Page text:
Randomness in prime numbers

I'm very interested in possible randomness in prime numbers distribution. There are many methods for "decomposition" regularity and randomness in primes (e.g. subtraction of some asymptotics , analysis Riemann Zeta zeroes instead of primes etc. ).
But some trend always remains;
or (if we try to get finite range of data, like here), the data fail randomness tests, e.g. for equidistribution.

Recently I play with Möbius function. Its values {-1,0,1} are not equally distributed;
so let's make a new function: parity of the number of distinct primes in some integer.
If $n=p_1^{a_1} \cdot p_2^{a_2} ... p_{\omega (n)}^{a_{\omega (n)}}$ then
$$\mu_{my} (n) = \begin{cases} +1, & \text{if }\omega (n)\text{ is even} \\ -1, & \text{if }\omega (n)\text{ is odd} \end{cases}$$ It seems values of $\mu_{my} (n)$ are really random (obey many randomness tests and have no any trend).

So I'd like to know, are there some theorems or conjectures about randomness in "Möbius-like" functions?

There is a similar variant. If the numbers n with moebius(n) = 0 are omitted, the moebius-function behaves as a random-walk if and only if the riemann-hypothesis is true. As there is a strong evidence that the riemann-hypothesis is true, you can use the moebius-funtion with a high probability as a superb random generator.

• Could you please give some references about the above? I know only about "Prime numbers and the Riemann hypothesis" by Mazur and Stein, but this is mostly a popular science book (and a bit on the verbose side, too). I am looking for a rigorous (or at leasts mostly rigorous) text. Commented Jan 23, 2023 at 12:23

Distribution of primes completely determined by the following statement:

Positive integers which do not appear in both arrays $$A1(i,j)=6i^2+(6i−1)(j−1)$$ and $$A2(i,j)=6i^2+(6i+1)(j−1)$$:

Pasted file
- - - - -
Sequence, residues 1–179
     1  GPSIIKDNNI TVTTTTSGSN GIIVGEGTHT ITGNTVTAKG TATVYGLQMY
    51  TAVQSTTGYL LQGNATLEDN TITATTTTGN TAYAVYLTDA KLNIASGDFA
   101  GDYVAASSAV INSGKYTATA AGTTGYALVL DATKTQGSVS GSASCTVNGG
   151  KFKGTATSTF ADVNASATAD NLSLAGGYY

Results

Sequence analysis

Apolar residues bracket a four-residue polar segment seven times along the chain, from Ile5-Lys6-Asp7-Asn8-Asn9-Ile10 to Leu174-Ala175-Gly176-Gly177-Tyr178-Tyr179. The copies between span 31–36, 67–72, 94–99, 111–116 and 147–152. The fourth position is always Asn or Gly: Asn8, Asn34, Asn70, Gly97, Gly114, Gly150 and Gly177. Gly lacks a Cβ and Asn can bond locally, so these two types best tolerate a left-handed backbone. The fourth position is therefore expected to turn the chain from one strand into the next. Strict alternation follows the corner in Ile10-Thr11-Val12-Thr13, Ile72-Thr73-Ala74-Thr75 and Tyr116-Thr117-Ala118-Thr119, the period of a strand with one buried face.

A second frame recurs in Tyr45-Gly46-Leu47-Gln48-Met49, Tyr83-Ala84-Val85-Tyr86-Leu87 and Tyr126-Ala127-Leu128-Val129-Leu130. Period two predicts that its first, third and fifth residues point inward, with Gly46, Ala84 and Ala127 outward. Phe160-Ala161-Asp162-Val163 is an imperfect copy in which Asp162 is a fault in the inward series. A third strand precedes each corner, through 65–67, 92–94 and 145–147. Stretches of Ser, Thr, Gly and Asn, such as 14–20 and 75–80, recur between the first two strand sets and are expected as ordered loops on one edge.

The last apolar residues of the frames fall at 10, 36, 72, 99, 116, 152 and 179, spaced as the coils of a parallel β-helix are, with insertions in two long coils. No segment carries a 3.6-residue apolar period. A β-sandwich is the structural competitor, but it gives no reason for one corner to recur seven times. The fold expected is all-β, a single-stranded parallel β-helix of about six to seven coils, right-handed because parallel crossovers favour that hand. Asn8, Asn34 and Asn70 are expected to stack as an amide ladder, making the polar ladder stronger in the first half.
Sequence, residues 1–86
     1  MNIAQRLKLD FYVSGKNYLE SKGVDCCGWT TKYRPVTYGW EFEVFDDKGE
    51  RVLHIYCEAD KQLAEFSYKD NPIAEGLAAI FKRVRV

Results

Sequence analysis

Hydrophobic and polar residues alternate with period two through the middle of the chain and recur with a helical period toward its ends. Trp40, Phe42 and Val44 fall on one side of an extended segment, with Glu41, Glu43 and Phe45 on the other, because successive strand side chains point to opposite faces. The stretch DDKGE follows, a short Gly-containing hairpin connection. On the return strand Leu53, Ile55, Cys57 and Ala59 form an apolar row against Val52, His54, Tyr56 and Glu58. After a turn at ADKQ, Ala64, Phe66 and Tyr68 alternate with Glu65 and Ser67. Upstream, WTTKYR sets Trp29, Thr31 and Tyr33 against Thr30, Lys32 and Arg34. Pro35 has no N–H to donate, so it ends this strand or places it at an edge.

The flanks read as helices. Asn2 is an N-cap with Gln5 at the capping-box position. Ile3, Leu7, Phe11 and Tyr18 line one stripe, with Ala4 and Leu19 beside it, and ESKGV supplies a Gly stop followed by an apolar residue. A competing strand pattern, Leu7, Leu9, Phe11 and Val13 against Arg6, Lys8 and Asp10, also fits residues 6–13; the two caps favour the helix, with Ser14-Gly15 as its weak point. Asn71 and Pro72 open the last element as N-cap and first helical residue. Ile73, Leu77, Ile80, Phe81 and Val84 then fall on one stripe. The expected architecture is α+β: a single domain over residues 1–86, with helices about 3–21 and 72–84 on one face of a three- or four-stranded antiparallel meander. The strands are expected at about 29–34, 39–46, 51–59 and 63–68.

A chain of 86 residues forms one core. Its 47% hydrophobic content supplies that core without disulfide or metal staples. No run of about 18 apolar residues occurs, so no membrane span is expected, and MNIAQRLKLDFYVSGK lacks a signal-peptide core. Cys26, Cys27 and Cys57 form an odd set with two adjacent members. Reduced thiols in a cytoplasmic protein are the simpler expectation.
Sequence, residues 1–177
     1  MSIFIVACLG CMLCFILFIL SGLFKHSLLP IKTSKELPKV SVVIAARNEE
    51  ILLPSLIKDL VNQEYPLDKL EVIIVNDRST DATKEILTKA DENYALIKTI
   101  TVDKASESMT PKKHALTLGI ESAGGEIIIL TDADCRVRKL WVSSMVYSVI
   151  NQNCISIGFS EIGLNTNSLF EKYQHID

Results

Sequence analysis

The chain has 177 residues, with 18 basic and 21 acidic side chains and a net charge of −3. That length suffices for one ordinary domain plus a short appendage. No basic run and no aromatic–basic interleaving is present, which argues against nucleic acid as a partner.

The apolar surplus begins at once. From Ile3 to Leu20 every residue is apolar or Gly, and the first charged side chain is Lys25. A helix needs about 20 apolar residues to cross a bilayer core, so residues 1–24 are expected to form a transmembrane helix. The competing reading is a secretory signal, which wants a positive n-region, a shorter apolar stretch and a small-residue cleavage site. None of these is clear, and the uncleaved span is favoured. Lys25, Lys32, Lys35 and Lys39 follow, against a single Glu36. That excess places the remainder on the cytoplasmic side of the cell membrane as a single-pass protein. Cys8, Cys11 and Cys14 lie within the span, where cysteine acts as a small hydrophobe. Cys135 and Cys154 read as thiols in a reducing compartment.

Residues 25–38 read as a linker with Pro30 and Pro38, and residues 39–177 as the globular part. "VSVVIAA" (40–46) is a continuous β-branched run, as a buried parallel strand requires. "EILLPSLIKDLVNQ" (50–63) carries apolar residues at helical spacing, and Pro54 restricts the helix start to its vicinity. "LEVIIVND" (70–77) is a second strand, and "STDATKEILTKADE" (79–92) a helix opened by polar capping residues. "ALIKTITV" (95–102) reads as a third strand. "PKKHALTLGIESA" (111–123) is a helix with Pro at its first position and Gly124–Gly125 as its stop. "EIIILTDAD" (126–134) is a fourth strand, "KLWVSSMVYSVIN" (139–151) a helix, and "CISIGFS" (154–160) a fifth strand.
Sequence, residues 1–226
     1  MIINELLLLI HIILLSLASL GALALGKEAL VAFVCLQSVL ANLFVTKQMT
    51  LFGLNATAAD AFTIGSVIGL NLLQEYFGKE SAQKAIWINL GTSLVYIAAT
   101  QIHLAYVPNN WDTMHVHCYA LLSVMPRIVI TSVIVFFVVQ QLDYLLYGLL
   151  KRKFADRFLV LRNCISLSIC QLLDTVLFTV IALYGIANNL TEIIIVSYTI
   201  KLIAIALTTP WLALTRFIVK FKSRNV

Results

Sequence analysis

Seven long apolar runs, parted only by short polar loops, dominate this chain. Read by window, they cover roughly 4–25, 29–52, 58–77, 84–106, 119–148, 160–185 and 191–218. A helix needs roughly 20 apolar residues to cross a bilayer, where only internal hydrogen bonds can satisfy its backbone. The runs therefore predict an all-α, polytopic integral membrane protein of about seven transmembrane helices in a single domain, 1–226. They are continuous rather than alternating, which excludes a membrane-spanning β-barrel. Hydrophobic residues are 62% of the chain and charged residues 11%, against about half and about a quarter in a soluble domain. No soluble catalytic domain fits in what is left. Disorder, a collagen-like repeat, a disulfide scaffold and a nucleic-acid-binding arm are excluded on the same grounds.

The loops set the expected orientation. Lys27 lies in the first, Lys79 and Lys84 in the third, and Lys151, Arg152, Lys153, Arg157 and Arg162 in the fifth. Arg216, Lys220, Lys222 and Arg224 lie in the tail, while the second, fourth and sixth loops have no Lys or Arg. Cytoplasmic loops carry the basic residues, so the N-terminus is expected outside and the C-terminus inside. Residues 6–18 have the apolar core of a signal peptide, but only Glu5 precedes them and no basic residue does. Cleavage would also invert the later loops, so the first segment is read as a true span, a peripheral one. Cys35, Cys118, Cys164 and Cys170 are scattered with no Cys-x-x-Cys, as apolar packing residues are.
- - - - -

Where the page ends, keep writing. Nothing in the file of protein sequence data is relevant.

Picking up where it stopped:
|  6   11    16     21   ...|
A1(i,j) =   | 24   35     46    57   ...|
| 54   71     88   105   ...|
| 96  119    142   165   ...|
|...  ...  ...   ...     ...|

|  6    13   20    27   ...|
A2(i,j) =   | 24    37   50    63   ...|
| 54    73   92   111   ...|
| 96   121  146   171   ...|
|...   ...  ...   ...   ...|


are indexes $$k$$ of primes in the sequence $$S1(k)=6k−1$$.

Positive integers which do not appear in both arrays $$A3(i,j)=6i^2−2i+(6i−1)(j−1)$$ and $$A4(i,j)=6i^2+2i+(6i+1)(j−1)$$:

                           | 4       9     14       19.. |
|20      31     42       53...|
|48      65     82       99...|
A3(i,j)= |88     111     134     157...|
|...   ...      ...     ...   |

| 8      15      22     29 ..|
|28     41       54     67...|
A4(i,j)= |60     79       98     117..|
|104   129      154    179...|
|...    ...     ...     ...  |


are indexes $$k$$ of primes in the sequence $$S2(k)=6k+1$$. Since all primes (except 2 and 3) are in one of two forms $$6k−1$$ or $$6k+1$$, so we can find primes simply by picking up positive integers which do not appear in these arrays.(C++ code see http://www.planet-source-code.com/vb/scripts/BrowseCategoryOrSearchResults.asp?lngWId=3&blnAuthorSearch=TRUE&lngAuthorId=21687209&strAuthorName=Boris%20Sklyar&txtMaxNumberOfEntriesPerPage=25

From the above statement it's obvious that in distribution of primes there is no any kind of randomness.